Combi Bike Plus outperforms motorized exercisers
Combi Bike Plus from Lemco Mobility replaced an parkinsons exerciser with a motor.
The Combi Bike Plus provided new opportunities to train more residents at the elder centre, according to physiotherapist Martin Uhd. It’s used for both warming up and rehabilitation.
Martin Uhd, a physiotherapist, is in charge of resident training at the Lokalcenter Rosengård in Odense, Denmark. He has been using Combi Bike Plus in his resident training classes for over two years.
– We used to have what was known as a “Parkinson’s bike” with a motor. Patients with Parkinson’s disease rode it until the patient stopped, at which point the motor took over and passively moved you, he tells and continues:
– But it fell apart. After then, we spoke with Lemco Mobility about the Combi Bike Plus, a new effective option that runs without electricity. CEO Carsten Lemche visited and gave a demonstration.
Sitting in a chair or wheelchair, you exercise your arms and legs synchronously, and you obtain an even thread in the pedals, thanks to Lemco Mobility’s BEAT technology. This means that you may perform the circular movements using your own strength, as opposed to passive training. There were four patient types for the demonstration; A leg amputee; a Parkinson’s patient; a hemiplegic patient; and a physically frail resident.
Martin Uhd was pleasantly impressed despite his initial scepticism due to the fact that many residents had significantly decreased leg mobility.
– They tried Combi Bike Plus since they were unable to ride a regular exercise bike with a saddle, and it immediately provided them with amazing results. All four benefited from using it, so we decided to invest in it as well, says Martin Uhd.
Exercise for the elderly that is gentle
Martin Uhd states that individuals with limited strength benefit most from Combi Bike Plus.
– For these patient categories, we employ it frequently. They also each have various needs. However, it is also frequently used as a warm-up prior to strength training, as many elderly individuals must do so in order to gain some strength. For this reason, they must properly warm up, says Martin Uhd. Warming up the muscles improves flexibility and lessens injury to the muscles and tendons.
All in all, Martin Uhd experiences many benefits from the residents exercising with the mobility exerciser.
– For instance, Combi Bike Plus works well as a vein pump to treat edema in the legs, which many individuals have, and to improve circulation. We observe that the swelling goes down after fifteen minutes of exercising with it a few times a week, he says.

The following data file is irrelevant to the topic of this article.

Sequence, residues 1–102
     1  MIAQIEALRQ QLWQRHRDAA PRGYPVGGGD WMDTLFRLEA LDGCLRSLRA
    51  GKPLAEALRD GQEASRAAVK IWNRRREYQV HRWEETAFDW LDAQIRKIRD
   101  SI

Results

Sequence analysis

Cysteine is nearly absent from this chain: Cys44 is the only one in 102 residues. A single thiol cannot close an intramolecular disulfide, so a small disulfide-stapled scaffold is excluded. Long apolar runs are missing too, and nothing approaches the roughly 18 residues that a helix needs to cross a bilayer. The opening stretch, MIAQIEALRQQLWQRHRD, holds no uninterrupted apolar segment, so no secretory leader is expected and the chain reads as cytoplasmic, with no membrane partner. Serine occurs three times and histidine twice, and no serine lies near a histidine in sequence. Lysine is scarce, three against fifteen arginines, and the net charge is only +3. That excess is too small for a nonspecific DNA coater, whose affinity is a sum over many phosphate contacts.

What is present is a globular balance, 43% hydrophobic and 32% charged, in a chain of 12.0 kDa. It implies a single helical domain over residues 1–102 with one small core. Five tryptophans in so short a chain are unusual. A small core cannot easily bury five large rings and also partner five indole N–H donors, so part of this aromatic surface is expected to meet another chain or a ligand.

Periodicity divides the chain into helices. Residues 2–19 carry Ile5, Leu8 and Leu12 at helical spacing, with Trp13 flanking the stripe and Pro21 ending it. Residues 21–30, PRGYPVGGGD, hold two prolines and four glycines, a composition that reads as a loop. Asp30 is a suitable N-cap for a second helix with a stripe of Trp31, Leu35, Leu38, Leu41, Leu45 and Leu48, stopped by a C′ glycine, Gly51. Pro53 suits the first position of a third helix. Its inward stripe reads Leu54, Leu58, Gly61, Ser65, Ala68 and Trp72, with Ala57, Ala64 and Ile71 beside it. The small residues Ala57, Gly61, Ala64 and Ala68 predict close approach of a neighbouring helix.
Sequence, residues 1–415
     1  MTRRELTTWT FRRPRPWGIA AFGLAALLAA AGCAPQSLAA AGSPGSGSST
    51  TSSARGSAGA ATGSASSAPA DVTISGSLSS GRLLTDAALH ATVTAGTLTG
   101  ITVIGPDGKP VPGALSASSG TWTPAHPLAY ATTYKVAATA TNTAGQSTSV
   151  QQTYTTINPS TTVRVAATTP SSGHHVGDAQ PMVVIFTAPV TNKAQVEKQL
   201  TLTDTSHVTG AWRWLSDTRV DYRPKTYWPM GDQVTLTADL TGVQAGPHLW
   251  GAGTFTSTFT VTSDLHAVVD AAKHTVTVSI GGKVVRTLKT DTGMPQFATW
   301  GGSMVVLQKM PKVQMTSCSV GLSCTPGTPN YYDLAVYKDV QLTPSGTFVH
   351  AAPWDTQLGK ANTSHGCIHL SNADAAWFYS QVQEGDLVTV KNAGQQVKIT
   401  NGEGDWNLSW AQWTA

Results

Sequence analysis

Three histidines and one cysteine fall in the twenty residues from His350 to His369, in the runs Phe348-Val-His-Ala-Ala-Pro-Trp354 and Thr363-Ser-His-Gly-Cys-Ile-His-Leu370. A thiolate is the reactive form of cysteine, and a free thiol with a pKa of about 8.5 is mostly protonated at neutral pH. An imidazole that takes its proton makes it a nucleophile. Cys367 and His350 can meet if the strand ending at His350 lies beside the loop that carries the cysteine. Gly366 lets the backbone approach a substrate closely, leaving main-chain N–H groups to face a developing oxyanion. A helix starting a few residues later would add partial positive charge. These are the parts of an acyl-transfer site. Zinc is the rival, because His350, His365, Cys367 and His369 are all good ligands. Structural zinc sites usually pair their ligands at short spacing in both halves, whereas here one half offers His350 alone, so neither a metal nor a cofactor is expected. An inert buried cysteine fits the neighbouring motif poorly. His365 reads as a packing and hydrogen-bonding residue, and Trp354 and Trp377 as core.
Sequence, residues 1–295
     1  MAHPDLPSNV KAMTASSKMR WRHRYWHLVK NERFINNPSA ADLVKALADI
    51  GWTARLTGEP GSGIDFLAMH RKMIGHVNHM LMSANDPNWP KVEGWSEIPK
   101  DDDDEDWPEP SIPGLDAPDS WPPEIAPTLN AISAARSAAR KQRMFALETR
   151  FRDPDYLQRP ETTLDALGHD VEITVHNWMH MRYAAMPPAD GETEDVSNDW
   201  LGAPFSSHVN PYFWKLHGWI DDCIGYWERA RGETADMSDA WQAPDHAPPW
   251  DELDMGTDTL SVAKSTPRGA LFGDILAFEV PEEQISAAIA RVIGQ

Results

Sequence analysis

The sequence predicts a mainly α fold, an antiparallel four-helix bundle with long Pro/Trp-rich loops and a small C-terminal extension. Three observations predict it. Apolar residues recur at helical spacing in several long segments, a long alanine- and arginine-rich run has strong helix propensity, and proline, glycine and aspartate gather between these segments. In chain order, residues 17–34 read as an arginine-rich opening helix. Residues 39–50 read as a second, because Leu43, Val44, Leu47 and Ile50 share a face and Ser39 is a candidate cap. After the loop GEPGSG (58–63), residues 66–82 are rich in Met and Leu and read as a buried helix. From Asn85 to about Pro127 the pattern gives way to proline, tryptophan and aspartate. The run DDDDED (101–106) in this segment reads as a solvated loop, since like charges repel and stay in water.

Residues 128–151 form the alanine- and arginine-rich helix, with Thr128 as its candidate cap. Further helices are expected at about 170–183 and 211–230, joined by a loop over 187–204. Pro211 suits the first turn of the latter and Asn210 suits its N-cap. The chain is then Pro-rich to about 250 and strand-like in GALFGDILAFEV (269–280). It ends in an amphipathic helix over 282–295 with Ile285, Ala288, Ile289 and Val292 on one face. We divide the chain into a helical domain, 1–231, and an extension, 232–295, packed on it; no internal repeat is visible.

For joints and diabetes
Combi Bike Plus is also beneficial for stabilising joints, such as if you have paralysis and use a wheelchair. It may be beneficial in that situation to move your shoulders, knees, and legs. As a result, when the residents’ joints become more mobile and flexible, it will be easier for the caregivers to dress them, says Martin Uhd.
There are residents with diabetes in addition to the patient categories already described, and the exerciser has advantages for them as well.
– It is beneficial for our residents with Type 2 diabetes who need to exercise their heart and lungs and raise their heart rate, he says. For these individuals, regular exercise can assist improve blood sugar control and lower the level of sugar and fat in the blood.
You can view your speed, distance travelled, and duration of cycling on the Combi Bike Plus display. And a easy to use lever with a scale from 0 to 9 is used to set the resistance.
– Beating their own long-distance cycling records can inspire some patients. In addition, if the user is at a very low physical level, such as having trouble walking, the exerciser is helpful for gaining strength. On the other hand, it also functions somewhat similarly to a leg press. Even the strongest inhabitants can use it to warm up but not for strength training, he explains.
Combi Bike Plus at its best
Martin Uhd states that exercising with Combi Bike Plus helps to increase a person’s mobility so they may, for instance, walk farther, gain a little more strength, and become more independent. The exerciser’s accessibility in a wheelchair and the ability to move both feet and legs simultaneously are its best features, according to the physiotherapist.
– The exerciser’s design makes it possible to use one or both arms for support if your legs aren’t strong enough to propel you forward using the pedals alone. Additionally, it is simple to access and utilize for people in wheelchairs and other users. That is the clever aspect of a Combi Bike Plus, he says.